More in this series
When You’re a Mom with Anxiety Disorder, You Know the Monsters Are Real
I have such immense anxiety. It sweeps me up into its furious winds. And my kids are at the middle of the storm.
This is a monthly column by Katie Rose Pryal about family life, mental illness, and raising disabled kids as a disabled parent.
Then I start walking toward the fishing pond across the street.
On my way, I spot a flash of blue in the grass, as blue as a robin’s egg. My son’s bike helmet. I pick it up and clutch it to me. I continue walking toward the pond. Six is a good swimmer. I’ve made sure of that. But kids drown, so I have to check. I have to put my eyes on the water, walk the perimeter, check.
I don’t know how much time has passed since we realized Six was missing. It could have been five minutes. It could have been an hour.
I’m almost to the pond when my phone rings. “I found him. I have him.” It’s my brother-in-law. He found Six at my parents’ house. Six biked there looking for his Mimi and Pop-Pop. When he arrived, no one was home because they are out of town.
In anxieta veritas
How can my husband be hit by the same barrage of notices about our children, and not be tortured like I am? This torture is the difference between a parent who has anxiety and a parent who does not. In my mind, one email about math becomes probation becomes expulsion—the path is as inevitable as it is clear. My bayou grandmother, were she still with us, would tell me that I’m borrowing trouble. My psychiatrist would say that I’m ruminating. All I know is that when an email arrives from school, I’m out of sorts for the rest of the day, unable to work or even to think about anything but the ugly potential consequences that my mind creates, each one a small, poisonous gift.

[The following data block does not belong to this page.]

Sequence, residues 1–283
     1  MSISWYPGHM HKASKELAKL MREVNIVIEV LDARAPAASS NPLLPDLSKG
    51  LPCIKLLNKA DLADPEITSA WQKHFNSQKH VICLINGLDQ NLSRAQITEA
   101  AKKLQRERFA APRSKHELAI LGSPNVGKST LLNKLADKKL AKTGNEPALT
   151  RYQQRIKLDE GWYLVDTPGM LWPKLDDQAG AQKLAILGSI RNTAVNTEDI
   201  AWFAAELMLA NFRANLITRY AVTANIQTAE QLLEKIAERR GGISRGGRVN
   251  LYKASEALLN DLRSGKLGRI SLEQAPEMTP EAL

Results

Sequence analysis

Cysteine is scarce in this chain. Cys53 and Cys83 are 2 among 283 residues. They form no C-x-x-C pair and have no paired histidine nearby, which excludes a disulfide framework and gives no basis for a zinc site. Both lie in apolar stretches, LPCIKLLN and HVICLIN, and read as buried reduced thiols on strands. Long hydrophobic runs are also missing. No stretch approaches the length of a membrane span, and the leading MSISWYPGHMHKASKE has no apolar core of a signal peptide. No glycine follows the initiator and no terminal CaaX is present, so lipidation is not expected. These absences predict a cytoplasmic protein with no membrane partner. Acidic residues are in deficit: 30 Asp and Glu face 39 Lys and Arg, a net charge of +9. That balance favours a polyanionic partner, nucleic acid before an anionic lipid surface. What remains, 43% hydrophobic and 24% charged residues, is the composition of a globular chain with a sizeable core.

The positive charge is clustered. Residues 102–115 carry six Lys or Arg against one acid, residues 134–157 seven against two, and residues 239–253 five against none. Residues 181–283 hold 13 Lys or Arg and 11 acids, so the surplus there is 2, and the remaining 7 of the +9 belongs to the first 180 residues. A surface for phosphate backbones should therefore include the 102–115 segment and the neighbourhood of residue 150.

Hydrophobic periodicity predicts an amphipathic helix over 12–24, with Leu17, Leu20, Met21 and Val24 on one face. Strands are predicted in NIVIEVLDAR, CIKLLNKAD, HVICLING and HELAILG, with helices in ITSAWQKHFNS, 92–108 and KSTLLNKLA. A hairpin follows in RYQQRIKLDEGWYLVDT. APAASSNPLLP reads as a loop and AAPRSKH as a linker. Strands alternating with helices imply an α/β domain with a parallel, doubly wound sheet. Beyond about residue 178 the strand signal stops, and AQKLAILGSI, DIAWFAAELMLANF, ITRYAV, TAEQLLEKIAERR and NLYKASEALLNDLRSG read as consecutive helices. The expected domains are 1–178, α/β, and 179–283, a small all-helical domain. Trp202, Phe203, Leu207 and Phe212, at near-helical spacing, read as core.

For years, the calls and emails were so frequent that my husband had the school put him down as the primary contact. He filtered through notices, only sharing the direst ones with me. We didn’t think we’d need this special plan with our kids’ new school. We were wrong.
Every time I get a notice about something someone thinks my child has done wrong, again, I want to rip my family away from here, wrap myself around them like a giant raptor with wings the size of the world, fly them to a place where no one lives but us, and nestle them there, where they can grow and learn and become the people that they will be. There, they can thrive.
Katie is a novelist, essayist, and law professor in Chapel Hill, NC. Her books include Life of the Mind Interrupted: Essays on Mental Health and Disability in Higher Education, Even If You're Broken: Essays on Sexual Assault and #MeToo, and the Hollywood Lights novels. In addition to Catapult, Katie has contributed to The Chronicle of Higher Education, The Toast, Dame Magazine, Women in Higher Education, and more. You can connect with Katie on Instagram, Facebook, and Twitter, all at @krgpryal, and on her blog at katieroseguestpryal.com.
Enter your email address to receive notifications for author Katie Rose Pryal
You have been added to the notification list for author Katie Rose Pryal
More by this author
I’m not looking for a cure—not for my kids, and not for me. Any treatment we choose is merely a tool to help us enjoy our lives.
I think about the many invisible struggles, the empty places I have had to fill for my kids. The bridges I’ve had to build.
Unwritten social rules might as well not exist for me. The only reason I can read them at all is because I’ve forced myself to learn them.
More in this series
I used to imagine having a Korean mother, someone rich in stories and jokes about Korean food and culture. My Korean mom would, ideally, be Maangchi.
It is no wonder that I am so in love with my bees. They fight for their lives.